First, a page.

iedc method a new approach to promote students communicative by luckboy


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									Sep. 2007, Volume 4, No.9 (Serial No.34)

US-China Education Review, ISSN1548-6613, USA

IEDC method: A new approach to promote students’ communicative competence
CAI Cui-yun
(College of Foreign Languages, Zhejiang Gongshang University, Hangzhou Zhejiang 310012, China)

Abstract: IEDC is an acronym from interaction of English dormitory and class teaching. It is a new, student-centered teaching approach intended for non-English majors in China. This articles states that communicative competence can be developed through various means of cooperative learning. Key words: cooperative learning; IEDC method; communicative competence

1. Introduction
Richard and Rodgers (1986, p. 71) state that “the primary function of language is for interaction and communication.” In order to enable the learners to communicate effectively in cross-cultural communication in 21st century, Zhejiang Gongshang University carried out a teaching reform for the non-English majors in English learning, namely student-centered teaching approach that allows students to be involved fully in the whole process of teaching and learning. It is students who make full preparation as a group for the given tasks in their dorms and dominate the class activities under the guidance of teachers. They get lots of materials and information from the book, the library or other sources. In this way, the students’ learning initiative is motivated greatly. The task based learning activities in groups are the nucleus of classroom teaching. This is the IEDC method. With the deepening of educational reform in language teaching, non-English majors are required to converse with others and foreigners in English fluently, especially in their career. Therefore, communicative competence has become more and more important in English language teaching. The author believes that the IEDC is an ideal approach to promote learners’ communicative competence because it mainly focuses on cooperative learning and stimulates students’ autonomy in learning to a great extent.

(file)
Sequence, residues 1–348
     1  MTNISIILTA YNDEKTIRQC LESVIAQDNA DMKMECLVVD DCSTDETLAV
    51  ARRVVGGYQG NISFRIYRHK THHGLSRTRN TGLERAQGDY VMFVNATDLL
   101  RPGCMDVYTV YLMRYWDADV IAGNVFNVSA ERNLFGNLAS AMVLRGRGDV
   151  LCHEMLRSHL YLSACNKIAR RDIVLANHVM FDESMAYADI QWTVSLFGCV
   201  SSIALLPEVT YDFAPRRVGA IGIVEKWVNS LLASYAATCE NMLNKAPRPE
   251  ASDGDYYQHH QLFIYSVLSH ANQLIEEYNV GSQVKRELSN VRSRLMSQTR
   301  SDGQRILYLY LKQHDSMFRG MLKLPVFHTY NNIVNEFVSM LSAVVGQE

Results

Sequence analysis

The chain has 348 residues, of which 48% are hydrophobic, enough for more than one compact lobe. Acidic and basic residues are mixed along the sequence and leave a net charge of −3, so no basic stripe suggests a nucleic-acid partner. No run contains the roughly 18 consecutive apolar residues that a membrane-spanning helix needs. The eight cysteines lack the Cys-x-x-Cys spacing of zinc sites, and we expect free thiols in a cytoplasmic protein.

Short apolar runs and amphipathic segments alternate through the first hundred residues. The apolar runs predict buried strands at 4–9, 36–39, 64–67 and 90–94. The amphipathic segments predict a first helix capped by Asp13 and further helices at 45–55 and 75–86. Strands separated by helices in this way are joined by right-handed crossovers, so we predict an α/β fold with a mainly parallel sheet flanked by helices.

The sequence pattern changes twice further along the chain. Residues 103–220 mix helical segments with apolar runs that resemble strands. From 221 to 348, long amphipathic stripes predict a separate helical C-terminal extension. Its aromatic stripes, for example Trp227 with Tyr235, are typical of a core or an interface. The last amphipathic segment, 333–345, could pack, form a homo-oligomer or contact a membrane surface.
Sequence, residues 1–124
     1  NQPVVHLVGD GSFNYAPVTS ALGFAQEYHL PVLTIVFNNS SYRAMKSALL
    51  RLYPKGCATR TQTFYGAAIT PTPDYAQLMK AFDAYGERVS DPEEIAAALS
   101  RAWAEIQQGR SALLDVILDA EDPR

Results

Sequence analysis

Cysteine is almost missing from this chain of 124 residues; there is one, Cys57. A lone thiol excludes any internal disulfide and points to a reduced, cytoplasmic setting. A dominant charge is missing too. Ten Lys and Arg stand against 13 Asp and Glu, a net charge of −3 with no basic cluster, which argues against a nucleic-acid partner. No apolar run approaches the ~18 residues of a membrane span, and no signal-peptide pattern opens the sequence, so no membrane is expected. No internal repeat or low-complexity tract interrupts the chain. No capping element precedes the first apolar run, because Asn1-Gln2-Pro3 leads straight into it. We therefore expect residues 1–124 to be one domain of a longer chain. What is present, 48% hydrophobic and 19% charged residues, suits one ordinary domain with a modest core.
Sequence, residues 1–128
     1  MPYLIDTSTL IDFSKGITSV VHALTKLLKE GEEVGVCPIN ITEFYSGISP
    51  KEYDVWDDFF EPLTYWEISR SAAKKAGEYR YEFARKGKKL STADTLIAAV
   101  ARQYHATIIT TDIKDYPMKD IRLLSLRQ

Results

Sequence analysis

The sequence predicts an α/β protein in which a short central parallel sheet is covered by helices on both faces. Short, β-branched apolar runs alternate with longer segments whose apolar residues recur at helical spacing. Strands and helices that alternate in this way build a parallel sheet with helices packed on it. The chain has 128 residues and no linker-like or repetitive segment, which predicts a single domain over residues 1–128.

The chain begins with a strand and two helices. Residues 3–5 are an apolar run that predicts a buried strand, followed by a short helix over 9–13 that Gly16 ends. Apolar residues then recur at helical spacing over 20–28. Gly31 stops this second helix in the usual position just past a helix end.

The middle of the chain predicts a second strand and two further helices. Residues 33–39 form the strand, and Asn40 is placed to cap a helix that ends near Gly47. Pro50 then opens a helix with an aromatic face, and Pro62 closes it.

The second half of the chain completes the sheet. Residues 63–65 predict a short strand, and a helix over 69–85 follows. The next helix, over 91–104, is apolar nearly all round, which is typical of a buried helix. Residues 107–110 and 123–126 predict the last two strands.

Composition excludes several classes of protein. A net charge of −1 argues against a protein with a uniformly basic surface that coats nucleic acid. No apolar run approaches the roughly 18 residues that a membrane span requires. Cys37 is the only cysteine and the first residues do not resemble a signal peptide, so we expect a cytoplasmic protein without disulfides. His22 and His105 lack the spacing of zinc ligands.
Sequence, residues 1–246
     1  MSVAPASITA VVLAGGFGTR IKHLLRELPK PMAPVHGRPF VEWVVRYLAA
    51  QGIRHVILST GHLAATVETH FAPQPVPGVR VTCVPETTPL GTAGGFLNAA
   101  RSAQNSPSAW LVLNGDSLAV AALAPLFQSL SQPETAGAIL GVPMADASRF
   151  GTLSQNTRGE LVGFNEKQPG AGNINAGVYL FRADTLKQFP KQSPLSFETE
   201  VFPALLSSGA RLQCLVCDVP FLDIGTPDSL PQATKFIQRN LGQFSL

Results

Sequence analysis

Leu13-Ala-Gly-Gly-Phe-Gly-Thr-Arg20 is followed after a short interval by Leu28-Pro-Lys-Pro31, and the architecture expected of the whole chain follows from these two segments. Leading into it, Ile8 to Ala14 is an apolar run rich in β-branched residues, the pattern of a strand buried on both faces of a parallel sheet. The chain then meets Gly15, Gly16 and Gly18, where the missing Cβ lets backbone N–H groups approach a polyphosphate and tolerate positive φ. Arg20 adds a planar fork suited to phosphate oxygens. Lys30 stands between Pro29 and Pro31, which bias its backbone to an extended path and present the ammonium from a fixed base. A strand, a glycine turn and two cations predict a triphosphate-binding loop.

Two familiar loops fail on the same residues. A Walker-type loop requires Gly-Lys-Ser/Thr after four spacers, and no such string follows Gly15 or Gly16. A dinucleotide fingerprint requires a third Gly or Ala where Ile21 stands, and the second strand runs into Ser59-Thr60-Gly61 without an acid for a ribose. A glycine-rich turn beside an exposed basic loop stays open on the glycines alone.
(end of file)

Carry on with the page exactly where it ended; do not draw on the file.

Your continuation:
2. Cooperative learning
In a broad sense, cooperative learning refers to a relationship in a group of students that requires cooperative efforts. Those conditions are including clearly perceived positive interdependence (a sense of sink or swim together), clearly perceived individual accountability and personal responsibility to achieve the group’s goals (each of us has to contribute and learn), frequent use of the relevant interpersonal and small-group skills (communication, trust, leadership, decision making, and conflict resolution), considerable promotive (face-to-face) interaction and frequent and regular group processing of current functioning to improve the group’s future effectiveness (reflecting on how well the team is functioning and how to function even better). Cooperative learning focuses on how students should interact with each other as they learn and the skills needed to interact
CAI Cui-yun (1975- ), female, M.A., lecturer of College of Foreign Languages, Zhejiang Gongshang University; research fields: cross-cultural communication, English teaching. 30

IEDC method: A new approach to promote students’ communicative competence

effectively. Cooperative learning makes sense for the non-English majors in English learning because it builds upon heterogeneity and formalizes and encourages peer support and connection. All students need to learn and work in environment where their individual strengths are recognized and individual needs are addressed. All students need to learn within a supportive community in order to feel safe enough to take risks.

3. The application of IEDC method for non-English majors in classroom